Honoring and Remembering

Resources for Further Understanding: Books, Videos, and Museums

If your child is interested in learning more about 9/11, there are many age-appropriate resources available to help deepen their understanding. Here are some suggestions:


Title Author Age Range
Fireboat: The Heroic Adventures of the John J. Harvey Maira Kalman 4-8 years old
Seven and a Half Tons of Steel Janet Nolan 4-8 years old
The Man Who Walked Between the Towers Mordicai Gerstein 4-8 years old
Eleven Tom Rogers 8-12 years old
Ground Zero Alan Gratz 8-12 years old
Towers Falling Jewell Parker Rhodes 8-12 years old


There are many documentaries and videos available about 9/11, but it’s important to preview them before showing them to your child to ensure they are appropriate for their age and maturity level. Here are some suggestions:

  • What Happened? The Story of September 11, 2001 (PBS Kids)
  • 9/11: Escape from the Towers (History Channel)
  • 102 Minutes That Changed America (History Channel)

9/11 Memorial Museum


Visiting a museum or memorial can be a powerful way for your child to learn about 9/11 and pay tribute to the victims and heroes. Here are some options:

  • National September 11 Memorial and Museum (New York, NY)
  • Pentagon Memorial (Washington, D.C.)
  • Flight 93 National Memorial (Stonycreek Township, PA)

These resources can provide a starting point for further exploration and discussion about the events of 9/11. By continuing to foster your child’s curiosity and understanding, you can help them develop empathy, resilience, and a deeper appreciation for the bravery and sacrifice of others.


Explaining September 11th to a child can be a difficult and emotional conversation, but it’s important to approach it with care and sensitivity. By tailoring the conversation to the child’s age and maturity level, creating a safe and supportive environment, and using age-appropriate language, you can help them understand what happened without overwhelming them. Remember to encourage questions, listen actively, and validate their emotions throughout the conversation.

It’s also important to honor and remember the victims and heroes of 9/11, and there are many resources available to help children develop a deeper understanding of the events. Consider exploring age-appropriate books, videos, and museums to continue the conversation and promote resilience and unity in the face of tragedy.

Thank you for taking the time to learn how to explain 9/11 to a child. With patience and care, you can help them navigate this moment in history and develop a greater sense of understanding and empathy.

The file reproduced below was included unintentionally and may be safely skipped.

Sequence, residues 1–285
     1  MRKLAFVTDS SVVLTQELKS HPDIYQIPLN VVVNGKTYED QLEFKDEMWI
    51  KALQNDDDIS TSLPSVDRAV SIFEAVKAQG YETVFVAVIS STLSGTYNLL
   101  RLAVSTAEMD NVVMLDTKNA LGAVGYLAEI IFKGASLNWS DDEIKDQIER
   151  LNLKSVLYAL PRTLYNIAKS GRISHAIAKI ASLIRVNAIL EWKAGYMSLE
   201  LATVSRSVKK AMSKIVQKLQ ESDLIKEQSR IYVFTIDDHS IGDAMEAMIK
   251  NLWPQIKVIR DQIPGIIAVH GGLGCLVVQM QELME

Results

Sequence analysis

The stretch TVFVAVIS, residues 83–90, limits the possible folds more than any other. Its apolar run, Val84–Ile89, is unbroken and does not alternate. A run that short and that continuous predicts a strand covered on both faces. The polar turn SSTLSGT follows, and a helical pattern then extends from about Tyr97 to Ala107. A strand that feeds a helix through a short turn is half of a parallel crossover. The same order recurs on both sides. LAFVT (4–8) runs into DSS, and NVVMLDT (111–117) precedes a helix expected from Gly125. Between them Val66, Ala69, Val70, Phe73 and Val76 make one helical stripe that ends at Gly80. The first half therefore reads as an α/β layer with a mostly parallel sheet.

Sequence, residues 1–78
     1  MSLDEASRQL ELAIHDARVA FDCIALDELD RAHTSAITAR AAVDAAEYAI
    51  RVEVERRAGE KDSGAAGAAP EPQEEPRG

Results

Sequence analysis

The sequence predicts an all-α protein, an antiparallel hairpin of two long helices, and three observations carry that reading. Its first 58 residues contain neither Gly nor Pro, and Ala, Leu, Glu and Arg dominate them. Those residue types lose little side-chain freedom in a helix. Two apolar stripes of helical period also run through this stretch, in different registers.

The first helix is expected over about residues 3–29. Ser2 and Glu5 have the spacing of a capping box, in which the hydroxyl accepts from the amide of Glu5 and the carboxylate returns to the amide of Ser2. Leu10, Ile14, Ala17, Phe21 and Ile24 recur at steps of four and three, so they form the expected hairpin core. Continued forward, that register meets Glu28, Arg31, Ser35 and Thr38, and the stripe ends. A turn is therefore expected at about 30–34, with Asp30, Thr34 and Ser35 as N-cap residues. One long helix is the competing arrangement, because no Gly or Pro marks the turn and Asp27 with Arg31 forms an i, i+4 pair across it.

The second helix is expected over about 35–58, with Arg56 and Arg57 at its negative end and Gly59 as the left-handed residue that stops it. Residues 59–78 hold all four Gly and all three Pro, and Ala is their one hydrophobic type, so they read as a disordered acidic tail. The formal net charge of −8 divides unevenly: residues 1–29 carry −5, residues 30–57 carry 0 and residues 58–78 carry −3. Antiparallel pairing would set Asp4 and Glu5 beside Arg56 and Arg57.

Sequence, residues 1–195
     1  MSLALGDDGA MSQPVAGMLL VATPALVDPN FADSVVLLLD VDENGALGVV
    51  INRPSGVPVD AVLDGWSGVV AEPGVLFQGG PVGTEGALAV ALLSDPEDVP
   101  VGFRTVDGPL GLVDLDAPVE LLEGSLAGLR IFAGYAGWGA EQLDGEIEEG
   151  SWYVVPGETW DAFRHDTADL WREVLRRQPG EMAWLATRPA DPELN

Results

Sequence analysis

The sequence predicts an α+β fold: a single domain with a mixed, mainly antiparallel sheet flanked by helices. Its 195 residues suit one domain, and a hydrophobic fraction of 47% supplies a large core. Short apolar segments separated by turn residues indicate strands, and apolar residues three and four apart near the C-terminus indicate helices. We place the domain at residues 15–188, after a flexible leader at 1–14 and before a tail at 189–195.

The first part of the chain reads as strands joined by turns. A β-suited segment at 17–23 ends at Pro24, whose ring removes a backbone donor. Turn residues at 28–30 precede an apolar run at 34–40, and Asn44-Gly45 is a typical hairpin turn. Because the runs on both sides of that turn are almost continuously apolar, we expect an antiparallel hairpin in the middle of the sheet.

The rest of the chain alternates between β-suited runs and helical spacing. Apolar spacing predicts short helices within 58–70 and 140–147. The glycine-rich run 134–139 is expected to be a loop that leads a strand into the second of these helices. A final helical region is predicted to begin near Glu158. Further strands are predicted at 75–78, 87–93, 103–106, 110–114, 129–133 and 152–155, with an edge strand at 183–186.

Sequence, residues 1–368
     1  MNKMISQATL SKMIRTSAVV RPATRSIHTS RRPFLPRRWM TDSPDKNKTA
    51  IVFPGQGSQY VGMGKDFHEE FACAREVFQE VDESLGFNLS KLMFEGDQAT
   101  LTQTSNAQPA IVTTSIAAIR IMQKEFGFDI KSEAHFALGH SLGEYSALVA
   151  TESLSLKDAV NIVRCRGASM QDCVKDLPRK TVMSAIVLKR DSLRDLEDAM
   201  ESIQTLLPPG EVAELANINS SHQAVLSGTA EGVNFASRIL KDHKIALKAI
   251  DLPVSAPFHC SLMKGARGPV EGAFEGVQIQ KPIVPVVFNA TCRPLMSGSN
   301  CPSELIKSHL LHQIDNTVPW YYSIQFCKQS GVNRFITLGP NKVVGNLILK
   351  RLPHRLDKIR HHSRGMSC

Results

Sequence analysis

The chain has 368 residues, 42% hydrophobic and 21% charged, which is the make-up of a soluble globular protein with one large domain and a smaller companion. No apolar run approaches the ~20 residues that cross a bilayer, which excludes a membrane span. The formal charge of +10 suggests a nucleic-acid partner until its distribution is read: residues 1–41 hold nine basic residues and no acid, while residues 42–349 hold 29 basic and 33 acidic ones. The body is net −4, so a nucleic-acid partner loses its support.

Q: How do I explain 9/11 to a child?
A: Explaining 9/11 to a child can be difficult, but it’s important to have age-appropriate conversations. Start by providing a simple and factual explanation of the events, focusing on key aspects that are suitable for their understanding.

Q: What happened on 9/11?
A: On September 11, 2001, there were attacks on the World Trade Center and the Pentagon. United Flight 93 was also hijacked, but the passengers bravely fought back, preventing further destruction.

Q: How can I address my child’s fears and anxieties?
A: It’s crucial to create a safe and supportive environment. Validate their feelings, reassure them that they are safe, and address any fears or anxieties that may arise during the conversation.

Q: How do I adjust the conversation based on my child’s age?
A: Tailor the information shared to your child’s age and maturity level. Use language they can understand and adjust the level of detail to their understanding and emotional capacity.

Q: Should I avoid discussing graphic details with my child?
A: Yes, it’s important to use simple language and avoid overwhelming your child with graphic details. Focus on providing age-appropriate information and simplifying complex concepts.

Q: How can I encourage questions from my child?
A: Encourage your child to ask questions and actively listen to their concerns. Validate their emotions and offer support as they process the information about 9/11.

Q: How can I teach resilience and unity to my child?
A: Honor and remember the victims and heroes of 9/11. Engage your child in acts of remembrance, foster resilience, and promote unity in the face of tragedy.

Q: Are there any resources that can help my child understand 9/11 better?
A: Yes, there are several resources available. Consider age-appropriate books, videos, and visits to museums or memorials that can provide a deeper understanding of 9/11.